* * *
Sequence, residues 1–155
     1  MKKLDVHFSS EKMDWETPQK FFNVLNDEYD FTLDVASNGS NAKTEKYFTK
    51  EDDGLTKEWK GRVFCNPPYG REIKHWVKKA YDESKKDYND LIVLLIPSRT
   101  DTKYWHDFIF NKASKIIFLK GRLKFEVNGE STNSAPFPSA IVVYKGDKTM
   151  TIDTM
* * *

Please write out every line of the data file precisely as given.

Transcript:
Sequence, residues 1–155
     1  MKKLDVHFSS EKMDWETPQK FFNVLNDEYD FTLDVASNGS NAKTEKYFTK
    51  EDDGLTKEWK GRVFCNPPYG REIKHWVKKA YDESKKDYND LIVLLIPSRT
   101  DTKYWHDFIF NKASKIIFLK GRLKFEVNGE STNSAPFPSA IVVYKGDKTM
   151  TIDTM